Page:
The Hornets landed the top overall pick in the 2012 NBA Draft.
Was it by luck, or was it a favor the NBA owed the Hornets after losing Chris Paul?
When NBA Deputy Commissioner Adam Silver announced that the New Orleans Horntes would select first in the 2012 NBA Draft, a whole new NBA conspiracy was created. What exactly is an NBA conspiracy? It's a very sketchy story that includes some inside and possibly illegal moves that the NBA is involved with. The thing is, no conspiracies have been proven. That's for us to decide. But before we go into NBA conspiracies, here's how the 2012 Lottery turned out.
1. New Orleans Hornets
2. Charlotte Bobcats
3. Washington Wizards
4. Cleveland Cavaliers
5. Sacramento Kings
6. Portland Trailblazers
7. Golden State Warriors
8. Toronto Raptors
9. Detroit Pistons
10. New Orelans Hornets
11. Portland Trailblazers
12. Milwaukee Bucks
13. Phoenix Suns
14. Houston Rockets
So now that you have the lottery results in your mind, let's figure out how this could have possibly happened (from the mind of a conspiracist). As many NBA fans already know, the New Orleans Hornets are currently owned by the NBA, since they were bankrupt. Although the New Orleans Saints' owner Tom Benson, bought the team two months ago, the NBA doesn't hand over operations until this summer. Going into Wednesday night's lottery, the Hornets were projected the 4th pick and had a 13.7% chance of landing the top pick.
Here's how a meeting between Commissioner David Stern and Tom Benson could have went:
Stern: So I hear your Saints aren't doing too well?
Benson: Yeah, it's unfortunate.
Stern: Well how about I give you a nice low-ball deal to buy the Hornets and keep the attention away from the Saints?
Benson: No way, the Hornets stink, and I would only buy them for $100 million less than your offering.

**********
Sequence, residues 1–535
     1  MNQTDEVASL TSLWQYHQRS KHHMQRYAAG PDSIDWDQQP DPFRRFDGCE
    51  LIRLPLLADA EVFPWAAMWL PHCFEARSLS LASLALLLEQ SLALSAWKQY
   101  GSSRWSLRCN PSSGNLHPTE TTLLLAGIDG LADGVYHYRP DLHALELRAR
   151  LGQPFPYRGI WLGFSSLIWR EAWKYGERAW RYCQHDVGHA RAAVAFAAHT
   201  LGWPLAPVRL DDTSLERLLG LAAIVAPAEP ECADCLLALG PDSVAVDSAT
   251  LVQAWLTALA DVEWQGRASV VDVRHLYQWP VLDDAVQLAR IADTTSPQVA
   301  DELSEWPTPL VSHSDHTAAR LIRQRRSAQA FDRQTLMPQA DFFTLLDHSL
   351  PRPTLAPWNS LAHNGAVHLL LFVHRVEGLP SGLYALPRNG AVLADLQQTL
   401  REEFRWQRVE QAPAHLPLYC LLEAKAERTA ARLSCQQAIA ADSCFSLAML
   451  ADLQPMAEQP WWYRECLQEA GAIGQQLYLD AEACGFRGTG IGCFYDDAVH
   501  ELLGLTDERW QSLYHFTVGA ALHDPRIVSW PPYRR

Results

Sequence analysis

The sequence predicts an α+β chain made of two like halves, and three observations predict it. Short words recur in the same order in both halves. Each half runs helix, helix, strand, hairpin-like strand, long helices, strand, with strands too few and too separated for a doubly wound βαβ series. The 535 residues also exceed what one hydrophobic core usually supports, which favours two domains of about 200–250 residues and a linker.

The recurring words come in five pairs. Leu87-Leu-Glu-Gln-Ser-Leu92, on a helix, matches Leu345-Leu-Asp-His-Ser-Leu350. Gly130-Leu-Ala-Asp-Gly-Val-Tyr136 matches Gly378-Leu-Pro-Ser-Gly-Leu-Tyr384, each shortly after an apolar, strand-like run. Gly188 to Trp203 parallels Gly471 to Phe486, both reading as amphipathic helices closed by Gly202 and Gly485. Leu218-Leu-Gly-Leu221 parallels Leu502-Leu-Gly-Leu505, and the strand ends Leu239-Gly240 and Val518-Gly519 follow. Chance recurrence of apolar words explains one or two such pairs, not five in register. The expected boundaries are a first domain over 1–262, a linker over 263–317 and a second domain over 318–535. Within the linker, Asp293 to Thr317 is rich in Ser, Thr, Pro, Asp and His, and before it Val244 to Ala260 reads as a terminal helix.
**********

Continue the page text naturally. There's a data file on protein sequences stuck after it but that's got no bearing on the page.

Stern: What if the Hornets somehow landed the top pick in the draft though?
Benson: What do you mean?
Stern: You know exactly what I mean.
Benson: Commish, you've got yourself a deal.
Did Tom Benson have inside information on whether or not the Hornets would select the top pick in the draft? No one will ever know, and that's why it's a conspiracy.
After losing franchise player Chris Paul right before the start of the season, the Hornets were doomed to find a new owner. With Eric Gordon sidelined for the majority of the season, nothing was looking good in the Big Easy. But with a healthy Gordon next season, and two Top 10 picks, along with Emeka Okafor, this team doesn't look too bad anymore.
And that's exactly what David Stern was thinking (in the mind of a conspiracist).
But why would Stern screw over the Bobcats, who just last season, had the lowest winning percentage of all-time?
Maybe Stern knew Davis wouldn't be a good fit for Charlotte. Maybe he knew that Michael Jordan would be much better off grooming a 6-7, 230 lb small forward than a 6-10 frail as could be power forward. Maybe Stern knew that the Bobcats needed a scorer, and a leader, and not a shot blocker and rebounder.
Maybe Stern had nothing to do with it at all.
With that being said, here are three of my all-time favorite NBA conspiracies.
1985 NBA Lottery
Ladies and Gentlemen, this is where conspiracies all began. In case you didn't know, here's the background info you need. It's 1985, and the New York Knicks (David Stern's favorite team growing up as a kid) hadn't had a productive season in years. Good news for them though, was that the 1985 draft class was headlined by the next big-man superstar, Mr. Patrick Ewing. Supposedly Ewing was the best franchise player coming out of the draft in years.
The only thing wrong was that the Knicks weren't projected the #1 pick in the draft. So how could David Stern turn his team back into the championship team they were a decade before?
Back in 1985, the way the lottery worked was that each team had a large envelope, and those envelopes were placed in a large sphere that was to be spun around to "randomize" them. After the envelopes were shuffled, David Stern was supposed to then look away and randomly select an envelope, which would then decide who would get that pick. Rumor has it that Stern folded a crease on the Indiana Pacers envelope, so he knew to take that one out of the sphere to give them the #2 pick in the draft. This would leave his Knicks with the #1 pick in the draft, and line them up to select Patrick Ewing.